What is the relationship between terrorism and social movements? Can terrorism be conceptualized as a movement tactic? Are suicide bombings, mass suicides, and other actions commonly associated with terrorism also forms of activism/contentious action? If so, do our theoretical tools for analyzing social movements work well for understanding terrorism? If not, why not, and what might some alternative perspectives be?
In March, the social movements journal Mobilization produced a special issue focusing on terrorism, publishing articles that begin to address some of these pressing questions. For our April dialogue, the editors of Mobilizing Ideas invited other scholars of terrorism and political violence to continue the conversation started in Mobilization‘s special issue.
We thank our list of distinguished scholars who contributed to the first round of essays for this dialogue:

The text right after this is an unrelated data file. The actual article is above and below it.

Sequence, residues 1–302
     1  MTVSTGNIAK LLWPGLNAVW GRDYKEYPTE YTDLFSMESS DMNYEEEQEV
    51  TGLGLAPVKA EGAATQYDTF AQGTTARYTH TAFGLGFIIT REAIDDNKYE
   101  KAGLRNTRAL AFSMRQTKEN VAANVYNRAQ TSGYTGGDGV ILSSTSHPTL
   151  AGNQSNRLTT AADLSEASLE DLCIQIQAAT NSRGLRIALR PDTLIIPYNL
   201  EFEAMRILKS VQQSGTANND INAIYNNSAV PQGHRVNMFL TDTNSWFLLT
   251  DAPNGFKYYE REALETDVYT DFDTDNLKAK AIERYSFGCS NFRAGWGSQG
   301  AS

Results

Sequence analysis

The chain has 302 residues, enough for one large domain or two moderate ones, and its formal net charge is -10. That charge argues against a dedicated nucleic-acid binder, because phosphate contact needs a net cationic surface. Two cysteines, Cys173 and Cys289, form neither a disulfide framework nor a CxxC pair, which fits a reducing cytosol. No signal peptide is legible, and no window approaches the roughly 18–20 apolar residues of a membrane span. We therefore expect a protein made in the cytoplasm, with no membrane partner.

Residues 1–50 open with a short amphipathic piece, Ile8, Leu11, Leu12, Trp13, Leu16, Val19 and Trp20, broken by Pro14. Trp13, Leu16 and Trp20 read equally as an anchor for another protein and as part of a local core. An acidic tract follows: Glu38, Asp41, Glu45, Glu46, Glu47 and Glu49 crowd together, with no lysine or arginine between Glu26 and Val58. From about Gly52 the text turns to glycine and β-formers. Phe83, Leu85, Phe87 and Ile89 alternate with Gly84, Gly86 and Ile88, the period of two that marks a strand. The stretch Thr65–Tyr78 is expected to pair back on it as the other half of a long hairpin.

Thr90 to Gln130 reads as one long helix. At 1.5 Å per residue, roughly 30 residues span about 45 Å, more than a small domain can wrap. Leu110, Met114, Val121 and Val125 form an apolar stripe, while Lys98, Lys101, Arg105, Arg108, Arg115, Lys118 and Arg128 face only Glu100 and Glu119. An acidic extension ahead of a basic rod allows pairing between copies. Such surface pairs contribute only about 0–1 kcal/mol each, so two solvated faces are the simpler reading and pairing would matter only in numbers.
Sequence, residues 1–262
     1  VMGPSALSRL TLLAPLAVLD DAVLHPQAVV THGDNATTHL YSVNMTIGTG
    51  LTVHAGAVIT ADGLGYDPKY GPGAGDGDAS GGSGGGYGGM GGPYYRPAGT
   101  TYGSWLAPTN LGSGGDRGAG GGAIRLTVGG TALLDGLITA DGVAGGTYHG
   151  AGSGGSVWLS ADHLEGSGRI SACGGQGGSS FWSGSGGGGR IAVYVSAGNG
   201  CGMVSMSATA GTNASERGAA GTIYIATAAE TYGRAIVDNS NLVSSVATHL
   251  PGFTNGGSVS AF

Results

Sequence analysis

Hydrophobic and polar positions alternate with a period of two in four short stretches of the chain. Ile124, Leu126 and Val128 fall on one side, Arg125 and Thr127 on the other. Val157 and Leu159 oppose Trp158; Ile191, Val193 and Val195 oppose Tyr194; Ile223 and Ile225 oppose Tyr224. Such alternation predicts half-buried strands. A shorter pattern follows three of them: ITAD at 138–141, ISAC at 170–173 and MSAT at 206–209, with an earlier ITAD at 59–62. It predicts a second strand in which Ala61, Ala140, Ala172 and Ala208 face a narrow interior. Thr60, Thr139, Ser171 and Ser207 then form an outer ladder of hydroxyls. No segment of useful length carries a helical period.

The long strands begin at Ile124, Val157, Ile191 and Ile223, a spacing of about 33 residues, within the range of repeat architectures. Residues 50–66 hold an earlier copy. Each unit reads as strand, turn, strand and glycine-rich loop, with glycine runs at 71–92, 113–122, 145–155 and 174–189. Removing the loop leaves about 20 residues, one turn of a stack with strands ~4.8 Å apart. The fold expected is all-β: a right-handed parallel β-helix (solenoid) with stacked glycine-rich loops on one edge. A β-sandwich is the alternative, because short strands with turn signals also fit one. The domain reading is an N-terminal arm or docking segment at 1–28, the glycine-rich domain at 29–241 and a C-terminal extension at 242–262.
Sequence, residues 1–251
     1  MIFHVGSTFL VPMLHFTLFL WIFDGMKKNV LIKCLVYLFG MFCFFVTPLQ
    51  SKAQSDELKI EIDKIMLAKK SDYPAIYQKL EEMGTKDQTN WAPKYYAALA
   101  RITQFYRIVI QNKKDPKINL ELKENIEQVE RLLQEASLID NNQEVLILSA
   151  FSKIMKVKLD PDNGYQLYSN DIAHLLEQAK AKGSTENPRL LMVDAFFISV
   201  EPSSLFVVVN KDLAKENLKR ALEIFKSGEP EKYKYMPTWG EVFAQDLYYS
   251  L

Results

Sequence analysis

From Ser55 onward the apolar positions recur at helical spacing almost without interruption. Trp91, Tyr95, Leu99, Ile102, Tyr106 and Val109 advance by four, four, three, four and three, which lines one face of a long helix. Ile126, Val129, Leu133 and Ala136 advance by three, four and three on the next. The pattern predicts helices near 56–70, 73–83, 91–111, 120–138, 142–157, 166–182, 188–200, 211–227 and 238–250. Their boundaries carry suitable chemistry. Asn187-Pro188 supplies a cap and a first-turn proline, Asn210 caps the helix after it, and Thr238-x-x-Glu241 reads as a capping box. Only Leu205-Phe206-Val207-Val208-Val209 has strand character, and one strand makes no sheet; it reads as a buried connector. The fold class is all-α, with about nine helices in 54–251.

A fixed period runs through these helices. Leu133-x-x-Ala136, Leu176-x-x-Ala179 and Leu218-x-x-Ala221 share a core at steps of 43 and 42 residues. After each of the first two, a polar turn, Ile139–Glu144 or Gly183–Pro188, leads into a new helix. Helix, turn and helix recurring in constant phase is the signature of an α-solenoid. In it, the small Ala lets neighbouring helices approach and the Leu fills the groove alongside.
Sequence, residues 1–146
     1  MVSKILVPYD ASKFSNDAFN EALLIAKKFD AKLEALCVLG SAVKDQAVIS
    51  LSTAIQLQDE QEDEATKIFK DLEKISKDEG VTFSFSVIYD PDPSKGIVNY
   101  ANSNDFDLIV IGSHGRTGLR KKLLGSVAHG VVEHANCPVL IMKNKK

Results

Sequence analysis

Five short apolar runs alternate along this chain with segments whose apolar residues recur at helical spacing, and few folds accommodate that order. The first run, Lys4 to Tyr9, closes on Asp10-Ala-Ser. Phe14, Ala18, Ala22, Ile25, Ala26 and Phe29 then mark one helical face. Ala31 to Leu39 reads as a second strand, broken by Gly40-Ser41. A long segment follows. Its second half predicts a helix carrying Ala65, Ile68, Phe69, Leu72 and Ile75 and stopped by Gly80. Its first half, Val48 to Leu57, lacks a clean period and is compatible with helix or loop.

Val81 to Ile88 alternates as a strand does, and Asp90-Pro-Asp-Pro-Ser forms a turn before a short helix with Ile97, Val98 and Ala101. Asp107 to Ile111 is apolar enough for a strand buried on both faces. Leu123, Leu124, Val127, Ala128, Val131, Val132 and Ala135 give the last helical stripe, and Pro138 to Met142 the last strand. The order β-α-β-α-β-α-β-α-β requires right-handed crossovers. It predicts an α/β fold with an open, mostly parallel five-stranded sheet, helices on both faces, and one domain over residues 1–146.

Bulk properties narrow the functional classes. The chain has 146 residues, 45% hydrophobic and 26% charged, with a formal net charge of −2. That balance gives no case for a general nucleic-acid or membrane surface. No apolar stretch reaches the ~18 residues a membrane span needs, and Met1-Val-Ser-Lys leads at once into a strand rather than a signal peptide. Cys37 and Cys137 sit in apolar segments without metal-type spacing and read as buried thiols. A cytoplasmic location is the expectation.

Robert Brym, University of Toronto (essay)
Erin Miller and Gary LaFree, University of Maryland (essay)
Will Moore, Florida State University (essay)
Ziad Munson, Lehigh University (essay)
Anthony Oberschall, University of North Carolina at Chapel Hill (essay)
Robert White, Indiana University- Purdue University Indianapolis (essay)
Joseph Young, American University (essay)
In mid April, we will launch a second round of essays for this dialogue, including contributions from Victor Asal, Donatella Della Porta, Jeff Goodwin, and Craig Jenkins.
Enjoy engaging with these insightful essays and please contribute to the debate by posting your opinions in the comments.
Editors in Chief,
Grace Yukich, David Ortiz, Rory McVeigh, Dan Myers